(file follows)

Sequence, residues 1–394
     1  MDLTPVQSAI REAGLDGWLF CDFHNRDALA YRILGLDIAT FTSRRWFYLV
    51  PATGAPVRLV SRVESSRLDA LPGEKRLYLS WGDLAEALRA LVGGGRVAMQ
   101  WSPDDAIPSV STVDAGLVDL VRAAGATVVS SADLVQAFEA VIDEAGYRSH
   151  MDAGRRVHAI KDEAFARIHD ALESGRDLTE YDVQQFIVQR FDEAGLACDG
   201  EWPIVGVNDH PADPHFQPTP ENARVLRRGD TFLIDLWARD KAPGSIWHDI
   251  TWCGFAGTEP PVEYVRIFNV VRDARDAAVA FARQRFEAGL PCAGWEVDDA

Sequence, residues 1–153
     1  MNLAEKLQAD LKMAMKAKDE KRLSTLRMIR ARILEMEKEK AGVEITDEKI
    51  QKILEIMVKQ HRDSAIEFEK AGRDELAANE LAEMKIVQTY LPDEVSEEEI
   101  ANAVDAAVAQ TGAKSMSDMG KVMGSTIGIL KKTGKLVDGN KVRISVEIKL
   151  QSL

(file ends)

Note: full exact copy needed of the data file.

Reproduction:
Sequence, residues 1–394
     1  MDLTPVQSAI REAGLDGWLF CDFHNRDALA YRILGLDIAT FTSRRWFYLV
    51  PATGAPVRLV SRVESSRLDA LPGEKRLYLS WGDLAEALRA LVGGGRVAMQ
   101  WSPDDAIPSV STVDAGLVDL VRAAGATVVS SADLVQAFEA VIDEAGYRSH
   151  MDAGRRVHAI KDEAFARIHD ALESGRDLTE YDVQQFIVQR FDEAGLACDG
   201  EWPIVGVNDH PADPHFQPTP ENARVLRRGD TFLIDLWARD KAPGSIWHDI
   251  TWCGFAGTEP PVEYVRIFNV VRDARDAAVA FARQRFEAGL PCAGWEVDDA

Sequence, residues 1–153
     1  MNLAEKLQAD LKMAMKAKDE KRLSTLRMIR ARILEMEKEK AGVEITDEKI
    51  QKILEIMVKQ HRDSAIEFEK AGRDELAANE LAEMKIVQTY LPDEVSEEEI
   101  ANAVDAAVAQ TGAKSMSDMG KVMGSTIGIL KKTGKLVDGN KVRISVEIKL
   151  QSL